Texas health officials confirmed during a Thursday afternoon conference call that Ebola patient Thomas Eric Duncan’s apartment has yet to be cleaned despite protocol calling for just that.
Although the CDC has been aware of Duncan’s condition for several days, David Lakey, Commissioner of Texas Department of State Health Services, stated that several “entities” have expressed “hesitancy” in cleaning the home.
The comment draws increased concern given the current state of four of Duncan’s close family members who are currently being quarantined in the apartment. The failure of health officials to quickly sterilize the home makes the likelihood of infection among Duncan’s family that much greater, which could result in a further spread if the four require transport to a medical facility.
A CDC spokeswoman speaking with Infowars confirmed that proper procedure “absolutely” calls for the apartment’s sterilization, but was unable to comment on the government’s failure to do so thus far.
After multiple questions from concerned citizens and the press, Lakey stated that a cleaning company had been contracted to finally begin the sterilization process but did not provide a company name, date or time.
The situation represents yet another misstep following doctors’ fateful decision to dismiss Duncan from the Texas Health Presbyterian Hospital on the 26th even after he admitted to spending time in Liberia.
Health officials even failed to notify paramedics, who were exposed to Duncans vomit in their ambulance, after doctors confirmed the Ebola prognosis.
Even more shocking, Texas health officials used unprotected workers to clean up vomit outside of Duncan’s home.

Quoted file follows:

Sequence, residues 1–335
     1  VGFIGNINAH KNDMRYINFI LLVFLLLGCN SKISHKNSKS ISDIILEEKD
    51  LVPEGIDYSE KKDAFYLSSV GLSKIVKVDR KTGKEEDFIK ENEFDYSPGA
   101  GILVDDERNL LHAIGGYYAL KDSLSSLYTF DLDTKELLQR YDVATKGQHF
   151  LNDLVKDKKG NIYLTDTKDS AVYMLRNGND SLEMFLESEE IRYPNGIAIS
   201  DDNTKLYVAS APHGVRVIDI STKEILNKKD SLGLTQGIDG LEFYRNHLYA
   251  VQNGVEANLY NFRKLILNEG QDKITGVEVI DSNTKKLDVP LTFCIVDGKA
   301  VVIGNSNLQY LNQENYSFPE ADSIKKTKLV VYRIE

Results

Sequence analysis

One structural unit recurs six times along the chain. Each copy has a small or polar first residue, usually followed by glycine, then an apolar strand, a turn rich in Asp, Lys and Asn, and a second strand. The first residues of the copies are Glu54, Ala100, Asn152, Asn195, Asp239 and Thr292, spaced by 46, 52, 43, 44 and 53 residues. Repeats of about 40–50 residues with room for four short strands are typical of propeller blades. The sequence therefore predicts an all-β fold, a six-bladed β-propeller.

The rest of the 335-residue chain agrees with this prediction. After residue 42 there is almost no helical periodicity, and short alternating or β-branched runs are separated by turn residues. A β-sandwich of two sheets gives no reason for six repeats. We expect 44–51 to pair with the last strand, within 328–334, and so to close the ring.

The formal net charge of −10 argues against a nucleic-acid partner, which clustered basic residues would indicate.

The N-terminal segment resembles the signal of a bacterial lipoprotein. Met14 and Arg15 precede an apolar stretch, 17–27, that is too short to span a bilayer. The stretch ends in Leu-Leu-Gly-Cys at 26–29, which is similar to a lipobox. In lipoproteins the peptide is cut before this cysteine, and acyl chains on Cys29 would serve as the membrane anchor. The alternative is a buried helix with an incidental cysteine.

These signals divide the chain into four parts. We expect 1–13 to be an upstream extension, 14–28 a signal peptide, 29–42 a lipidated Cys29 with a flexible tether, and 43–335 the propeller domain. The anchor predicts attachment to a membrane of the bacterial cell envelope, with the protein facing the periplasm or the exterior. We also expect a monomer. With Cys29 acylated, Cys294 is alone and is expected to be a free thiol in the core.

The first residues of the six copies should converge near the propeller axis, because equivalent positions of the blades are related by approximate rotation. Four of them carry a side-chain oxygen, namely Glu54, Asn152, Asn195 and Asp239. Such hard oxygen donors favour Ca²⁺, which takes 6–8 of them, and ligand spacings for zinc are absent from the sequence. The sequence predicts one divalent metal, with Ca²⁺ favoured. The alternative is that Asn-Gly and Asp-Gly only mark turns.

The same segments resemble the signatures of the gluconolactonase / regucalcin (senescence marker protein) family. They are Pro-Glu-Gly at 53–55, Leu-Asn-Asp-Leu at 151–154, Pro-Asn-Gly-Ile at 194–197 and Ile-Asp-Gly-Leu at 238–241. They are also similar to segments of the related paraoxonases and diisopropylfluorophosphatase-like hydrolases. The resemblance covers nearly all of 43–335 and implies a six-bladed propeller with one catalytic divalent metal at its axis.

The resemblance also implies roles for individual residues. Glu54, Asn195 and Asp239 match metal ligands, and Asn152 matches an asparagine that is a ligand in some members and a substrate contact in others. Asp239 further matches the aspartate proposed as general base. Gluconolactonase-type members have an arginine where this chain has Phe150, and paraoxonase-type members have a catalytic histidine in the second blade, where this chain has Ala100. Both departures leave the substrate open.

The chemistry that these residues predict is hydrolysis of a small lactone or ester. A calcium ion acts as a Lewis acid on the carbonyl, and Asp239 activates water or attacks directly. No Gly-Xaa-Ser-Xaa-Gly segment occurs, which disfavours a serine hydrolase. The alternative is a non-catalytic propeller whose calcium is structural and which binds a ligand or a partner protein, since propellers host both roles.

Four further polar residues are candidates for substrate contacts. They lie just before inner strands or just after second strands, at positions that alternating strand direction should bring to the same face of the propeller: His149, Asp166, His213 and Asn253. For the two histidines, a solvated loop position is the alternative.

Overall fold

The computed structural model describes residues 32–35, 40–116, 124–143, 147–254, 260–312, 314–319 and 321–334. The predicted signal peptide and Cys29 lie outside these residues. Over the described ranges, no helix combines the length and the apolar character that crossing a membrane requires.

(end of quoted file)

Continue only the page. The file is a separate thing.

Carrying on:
Instead of stopping the virus from making its way to the U.S., CDC officials have continued to rely on a policy of treating Ebola domestically.
Last August, the World Health Organization (WHO) rejected a travel ban to and from Ebola-affected nations on the grounds that the risk of transmission during air travel “remains low,” ignoring the fact that symptoms do not appear until days after the virus enters the body.
“Once this disease consumes every third world country, as surely it will, because they lack the same basic infrastructure as Sierra Leone and Liberia, at that point, we will be importing clusters of Ebola on a daily basis,” Mobley said. “That will overwhelm any advanced country’s ability to contain the clusters in isolation and quarantine. That spells bad news.”
Anthony Banbury, the UN Secretary General’s Special Representative, also commented on the government’s mishandling of the situation as well as the possibility of the current Ebola strain going airborne.
“In a career working in these kinds of situations, wars, natural disasters – I have never seen anything as serious or dangerous or high risk as this one,” Banbury said.